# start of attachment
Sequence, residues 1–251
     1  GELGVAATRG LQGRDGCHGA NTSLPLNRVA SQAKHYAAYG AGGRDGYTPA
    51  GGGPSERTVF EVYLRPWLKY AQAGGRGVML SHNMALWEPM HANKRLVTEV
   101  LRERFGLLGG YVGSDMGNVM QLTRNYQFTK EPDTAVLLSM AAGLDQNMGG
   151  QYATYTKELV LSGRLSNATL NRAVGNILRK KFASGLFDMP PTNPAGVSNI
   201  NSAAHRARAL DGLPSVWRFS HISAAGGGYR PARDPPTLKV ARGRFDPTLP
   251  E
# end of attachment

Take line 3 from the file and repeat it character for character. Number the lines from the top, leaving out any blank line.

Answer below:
    51  GGGPSERTVF EVYLRPWLKY AQAGGRGVML SHNMALWEPM HANKRLVTEV